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James G. Mundie

Page 1 | Biography

My on-going series of drawings called Prodigies features portraits of 'anomalous humans' - sometimes called ‘monstrosities’ or ‘freaks’ - in contexts borrowed from artworks of centuries past. In the spirit of the circus or carnival sideshow, where even a three-legged man would be re-invented to appear more interesting, I have created new 'histories' for my subjects in which fact and fancy are liberally mingled. The resulting images confront the viewer with something that at once seems familiar, humorous and startling.

The freakshow, with its quasi-religious overtones, has a theatrical heritage of stylized performance and presentation that dates back many centuries. Very often, a great deal of fraud was involved, but this seemed only to delight patrons all the more. Art history, like sideshow, has its own formal conventions and traditions; so it seems to me this blending of the aesthetic and the macabre is a natural pairing of 'high' and 'low' culture - especially since both appeal to one's voyeuristic inclinations. It is my hope that these images compel the viewer to linger and consider their own inhibitions and conceptions in relation to a subject which many consider taboo. These images grew out of several interests: an affinity for portraiture, a passion for art history, and a natural curiosity for pathology. The first pieces in the series came about through playing in my sketchbook with some curious and obscure Renaissance compositions which seemed to provide fertile ground for revision. Soon I found that favorite paintings - whether through narrative motif, setting or gesture - suggested parallels to certain sideshow performers' stage identities or conditions. One drawing led to another, and the series continues to evolve.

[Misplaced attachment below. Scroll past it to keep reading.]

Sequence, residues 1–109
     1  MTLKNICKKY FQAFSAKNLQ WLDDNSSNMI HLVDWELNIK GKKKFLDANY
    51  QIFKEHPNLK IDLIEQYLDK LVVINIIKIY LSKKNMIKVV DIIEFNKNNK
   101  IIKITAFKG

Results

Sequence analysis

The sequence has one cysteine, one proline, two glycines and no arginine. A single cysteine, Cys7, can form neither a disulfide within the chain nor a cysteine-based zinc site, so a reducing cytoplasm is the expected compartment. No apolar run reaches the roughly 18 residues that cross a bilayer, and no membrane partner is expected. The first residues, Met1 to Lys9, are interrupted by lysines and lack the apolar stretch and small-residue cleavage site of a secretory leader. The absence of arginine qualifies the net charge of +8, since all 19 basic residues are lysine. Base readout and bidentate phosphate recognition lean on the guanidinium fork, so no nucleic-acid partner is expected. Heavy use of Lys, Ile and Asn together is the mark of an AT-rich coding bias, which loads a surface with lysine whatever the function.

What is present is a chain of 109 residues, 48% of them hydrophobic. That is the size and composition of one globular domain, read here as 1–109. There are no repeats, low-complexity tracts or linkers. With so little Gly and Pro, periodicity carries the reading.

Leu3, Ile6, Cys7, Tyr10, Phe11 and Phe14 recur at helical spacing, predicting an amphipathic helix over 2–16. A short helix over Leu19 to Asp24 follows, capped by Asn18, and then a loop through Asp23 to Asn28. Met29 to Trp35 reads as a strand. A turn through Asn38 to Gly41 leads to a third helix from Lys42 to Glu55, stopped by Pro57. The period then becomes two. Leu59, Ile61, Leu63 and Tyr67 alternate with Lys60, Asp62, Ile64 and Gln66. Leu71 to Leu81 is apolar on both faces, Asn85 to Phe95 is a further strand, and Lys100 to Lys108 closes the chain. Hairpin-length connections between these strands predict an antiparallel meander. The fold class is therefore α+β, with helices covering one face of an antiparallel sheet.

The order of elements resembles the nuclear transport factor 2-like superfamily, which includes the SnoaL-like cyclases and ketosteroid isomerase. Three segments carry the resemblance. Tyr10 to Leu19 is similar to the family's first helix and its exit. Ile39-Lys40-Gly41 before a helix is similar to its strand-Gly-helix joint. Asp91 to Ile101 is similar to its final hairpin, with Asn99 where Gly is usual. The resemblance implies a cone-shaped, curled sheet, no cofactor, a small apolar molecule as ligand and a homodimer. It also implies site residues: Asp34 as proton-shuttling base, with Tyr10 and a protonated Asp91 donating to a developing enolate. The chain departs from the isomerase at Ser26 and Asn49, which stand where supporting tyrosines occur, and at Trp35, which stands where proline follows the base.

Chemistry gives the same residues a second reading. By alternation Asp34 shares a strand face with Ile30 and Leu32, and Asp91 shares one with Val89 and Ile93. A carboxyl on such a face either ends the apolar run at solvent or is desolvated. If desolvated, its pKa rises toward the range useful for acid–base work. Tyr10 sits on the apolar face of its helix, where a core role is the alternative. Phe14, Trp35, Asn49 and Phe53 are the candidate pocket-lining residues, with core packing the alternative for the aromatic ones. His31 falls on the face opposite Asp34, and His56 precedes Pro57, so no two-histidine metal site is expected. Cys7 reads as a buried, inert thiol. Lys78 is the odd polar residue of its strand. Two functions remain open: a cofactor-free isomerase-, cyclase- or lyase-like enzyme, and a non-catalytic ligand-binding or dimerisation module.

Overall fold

Drawings from Prodigies have been exhibited at Creative Artists Network, Redux Contemporary Art Center, Philadelphia Foundation, Delaware Center for the Contemporary Arts, MF Gallery (New York) and The Free Library of Philadelphia, among others. They have also been featured as part of the Delaware Art Museum's invitational Biennial 2000: Art at the New Millennium, and were the subject of two solo shows: a Challenge Exhibition at the Samuel S. Fleisher Art Memorial, and the third exhibition in the Emerging Artist Series at the Woodmere Art Museum - for which the artist was graciously allowed to borrow supplementary ephemera from the collections of the Mütter Museum of the College of Physicians of Philadelphia and James Taylor's Shocked and Amazed! On & Off the Midway. Mundie has received numerous awards for his work, including a Creative Artists Network service grant, the Simone C. Titone Memorial Award, the Joseph Domjon Memorial Award, and others. Mundie's work appears in the collections of The Book Arts Press, The New York Public Library, The Print Club of Albany, Spencer Museum of Art, The Kyoto International Woodprint Association, and others, including numerous private collections.

James G. Mundie
1420 South 12th Street
PA 19147-4936
Philadelphia, PA
North America


Web Links
Prodigies: Drawings of Anomalous Humans by James G. Mundie - Artwork by James G. Mundie and Kate Kern Mundie
The Delaware Center for the Contemporary Arts
Samuel S. Fleisher Art Memorial
Pennsylvania Academy of the Fine Arts
University of Pennsylvania
"Freak Love" by Samuel Hughes
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